About 4:30pm that evening, after 12 hours in the airport, we learned the airline had arranged for a few hotel rooms in a nearby resort. Those with children were given first priority, and since we had Meredith and another 11 year old on this trip, our group of 13 (the O'Tool family, my two cousins, and the team from Point of Grace Church) was able to obtain two rooms where we all showered. We also shared our rooms/showers with a few strangers, as there were not nearly enough rooms to go around. That evening we were fed a fantastic buffet supper in the resort, and then about 10:00pm we loaded back into vans for transportation back to the airport. Our plane then arrived from Atlanta, and we took off from Cape Verde about 1:30am, exactly 21 hours after landing there.
Meredith chose to sleep on the 2nd leg of our journey, which allowed Amber & I to catch a few winks. We landed in South Africa without incident, although due to some turbulence late in the flight, I nearly had a personal incident myself. All our luggage arrived in Jo-burg with our airplane, so we were thankful for that. We then met Brian & Lois Niehoff, loaded into The Pines' van and our rental truck, and drove the 3 hours to Welkom. This was my first real opportunity to drive in traffic on the wrong side of the road, and I am happy to report no incidents, personal or otherwise.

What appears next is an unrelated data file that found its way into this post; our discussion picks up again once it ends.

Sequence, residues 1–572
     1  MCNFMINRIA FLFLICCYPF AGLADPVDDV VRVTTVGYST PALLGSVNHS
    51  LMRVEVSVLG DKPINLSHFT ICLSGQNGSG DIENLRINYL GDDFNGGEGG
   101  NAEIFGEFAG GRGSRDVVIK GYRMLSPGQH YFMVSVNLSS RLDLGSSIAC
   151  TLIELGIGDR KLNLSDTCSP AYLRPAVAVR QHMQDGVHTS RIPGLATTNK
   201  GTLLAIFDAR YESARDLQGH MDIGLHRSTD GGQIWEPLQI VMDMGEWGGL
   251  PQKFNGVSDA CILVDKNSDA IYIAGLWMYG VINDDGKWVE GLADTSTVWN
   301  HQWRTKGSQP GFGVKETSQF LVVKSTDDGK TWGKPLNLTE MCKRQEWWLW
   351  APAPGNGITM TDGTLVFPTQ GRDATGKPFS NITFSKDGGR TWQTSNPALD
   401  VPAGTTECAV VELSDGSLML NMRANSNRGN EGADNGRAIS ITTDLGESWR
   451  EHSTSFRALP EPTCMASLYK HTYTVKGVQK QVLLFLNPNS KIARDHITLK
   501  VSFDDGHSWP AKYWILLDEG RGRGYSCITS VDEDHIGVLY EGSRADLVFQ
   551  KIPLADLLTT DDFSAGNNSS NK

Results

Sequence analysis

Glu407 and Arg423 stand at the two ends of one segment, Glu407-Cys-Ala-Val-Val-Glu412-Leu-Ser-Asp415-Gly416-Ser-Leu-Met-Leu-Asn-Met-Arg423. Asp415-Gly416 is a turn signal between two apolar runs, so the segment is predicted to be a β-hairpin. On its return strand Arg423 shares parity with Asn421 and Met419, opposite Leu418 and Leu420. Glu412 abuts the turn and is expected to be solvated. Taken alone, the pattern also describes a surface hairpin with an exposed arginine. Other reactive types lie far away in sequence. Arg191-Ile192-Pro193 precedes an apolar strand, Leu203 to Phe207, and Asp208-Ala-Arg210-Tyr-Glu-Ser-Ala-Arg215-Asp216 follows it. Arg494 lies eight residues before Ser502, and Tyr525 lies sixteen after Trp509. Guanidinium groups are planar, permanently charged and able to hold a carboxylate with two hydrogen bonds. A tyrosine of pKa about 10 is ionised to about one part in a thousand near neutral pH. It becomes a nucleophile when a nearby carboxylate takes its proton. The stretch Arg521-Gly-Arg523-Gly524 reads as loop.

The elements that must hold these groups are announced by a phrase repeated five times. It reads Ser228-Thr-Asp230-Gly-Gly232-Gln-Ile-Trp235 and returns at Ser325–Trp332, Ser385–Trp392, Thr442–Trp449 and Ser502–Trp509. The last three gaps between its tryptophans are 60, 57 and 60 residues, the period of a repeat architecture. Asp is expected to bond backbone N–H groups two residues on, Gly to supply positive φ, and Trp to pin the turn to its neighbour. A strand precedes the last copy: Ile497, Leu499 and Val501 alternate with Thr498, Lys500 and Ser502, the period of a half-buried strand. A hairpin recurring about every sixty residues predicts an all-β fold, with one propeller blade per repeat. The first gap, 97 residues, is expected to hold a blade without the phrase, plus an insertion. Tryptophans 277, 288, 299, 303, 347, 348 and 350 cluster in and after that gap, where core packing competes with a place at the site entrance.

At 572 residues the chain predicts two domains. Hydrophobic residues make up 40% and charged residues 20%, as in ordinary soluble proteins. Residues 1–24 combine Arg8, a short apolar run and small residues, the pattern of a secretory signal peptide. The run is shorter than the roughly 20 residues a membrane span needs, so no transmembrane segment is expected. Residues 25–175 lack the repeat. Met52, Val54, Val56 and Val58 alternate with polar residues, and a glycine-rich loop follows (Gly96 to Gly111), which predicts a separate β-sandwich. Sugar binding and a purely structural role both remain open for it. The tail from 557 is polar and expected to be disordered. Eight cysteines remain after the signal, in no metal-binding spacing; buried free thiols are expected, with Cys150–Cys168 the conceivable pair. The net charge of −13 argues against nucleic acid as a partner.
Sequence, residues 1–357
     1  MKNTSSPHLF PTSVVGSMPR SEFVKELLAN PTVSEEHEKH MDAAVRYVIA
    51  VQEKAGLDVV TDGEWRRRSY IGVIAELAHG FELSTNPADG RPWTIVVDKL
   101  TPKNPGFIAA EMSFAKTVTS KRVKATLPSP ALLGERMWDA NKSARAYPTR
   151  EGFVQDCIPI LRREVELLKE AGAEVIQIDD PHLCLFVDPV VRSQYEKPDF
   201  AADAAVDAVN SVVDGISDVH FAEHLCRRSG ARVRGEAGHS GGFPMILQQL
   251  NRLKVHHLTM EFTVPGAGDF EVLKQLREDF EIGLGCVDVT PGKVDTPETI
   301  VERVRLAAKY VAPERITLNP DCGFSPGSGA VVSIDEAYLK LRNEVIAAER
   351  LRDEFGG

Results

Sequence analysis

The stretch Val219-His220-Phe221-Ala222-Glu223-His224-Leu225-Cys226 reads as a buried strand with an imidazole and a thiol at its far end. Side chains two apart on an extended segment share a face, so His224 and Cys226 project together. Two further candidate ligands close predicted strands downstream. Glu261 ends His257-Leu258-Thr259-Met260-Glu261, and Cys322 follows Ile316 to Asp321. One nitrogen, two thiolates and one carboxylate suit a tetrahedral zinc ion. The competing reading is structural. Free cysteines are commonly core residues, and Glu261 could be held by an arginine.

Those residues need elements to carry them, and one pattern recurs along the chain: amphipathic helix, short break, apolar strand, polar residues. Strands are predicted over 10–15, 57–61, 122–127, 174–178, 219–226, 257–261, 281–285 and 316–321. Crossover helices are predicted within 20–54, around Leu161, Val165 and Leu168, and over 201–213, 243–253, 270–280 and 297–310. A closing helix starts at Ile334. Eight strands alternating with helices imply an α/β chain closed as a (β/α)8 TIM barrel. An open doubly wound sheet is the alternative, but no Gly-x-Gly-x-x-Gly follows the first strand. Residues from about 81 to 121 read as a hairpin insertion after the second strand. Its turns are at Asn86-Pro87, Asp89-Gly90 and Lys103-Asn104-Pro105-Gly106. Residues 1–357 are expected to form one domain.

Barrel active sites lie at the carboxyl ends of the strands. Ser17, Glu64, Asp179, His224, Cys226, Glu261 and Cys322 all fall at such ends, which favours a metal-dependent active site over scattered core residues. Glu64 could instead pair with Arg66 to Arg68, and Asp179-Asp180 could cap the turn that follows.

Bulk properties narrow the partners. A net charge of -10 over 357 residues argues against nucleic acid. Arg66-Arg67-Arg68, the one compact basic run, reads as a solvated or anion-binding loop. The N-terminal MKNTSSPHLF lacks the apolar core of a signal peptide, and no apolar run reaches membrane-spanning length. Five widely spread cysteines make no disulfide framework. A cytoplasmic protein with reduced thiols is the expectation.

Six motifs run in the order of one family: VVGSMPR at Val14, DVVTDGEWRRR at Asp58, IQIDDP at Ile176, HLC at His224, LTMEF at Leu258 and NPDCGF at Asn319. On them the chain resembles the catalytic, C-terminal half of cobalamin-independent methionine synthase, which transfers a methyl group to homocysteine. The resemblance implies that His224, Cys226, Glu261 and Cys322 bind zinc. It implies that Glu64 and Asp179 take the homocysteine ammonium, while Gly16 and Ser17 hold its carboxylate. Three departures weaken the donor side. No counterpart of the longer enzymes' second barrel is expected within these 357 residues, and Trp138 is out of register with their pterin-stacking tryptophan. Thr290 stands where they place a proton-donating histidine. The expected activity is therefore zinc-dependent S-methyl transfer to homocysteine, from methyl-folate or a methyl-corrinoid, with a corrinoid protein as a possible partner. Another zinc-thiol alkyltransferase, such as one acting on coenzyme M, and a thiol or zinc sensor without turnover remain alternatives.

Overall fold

We have kept quite busy since arriving, working on several projects for The Pines, teaching 3 classes in a local school, and starting a weekly Bible Club at a church in the area. On Friday, my cousins – Ellie & Zac Stangl – and I were able to hold the Bible Club, which we had announced at the school the previous Wednesday. We had about 50 kids show up, and after Ellie taught the Bible lesson, 15 kids went back to learn more about why Jesus, the Son of God, had to die on the cross. I was able to take 8 of those kids, and they seemed to understand the message of eternal life, so we are praying these are truly life-changing decisions. We are thanking God for providing opportunities such as these.
Thank you all again for your thoughts and prayers. We will continue to keep you posted as possible.
Louis, Amber & Meredith O'Tool
The Pines Christian Care Centre for Children
Posted by Louis O'Tool at 9:33 AM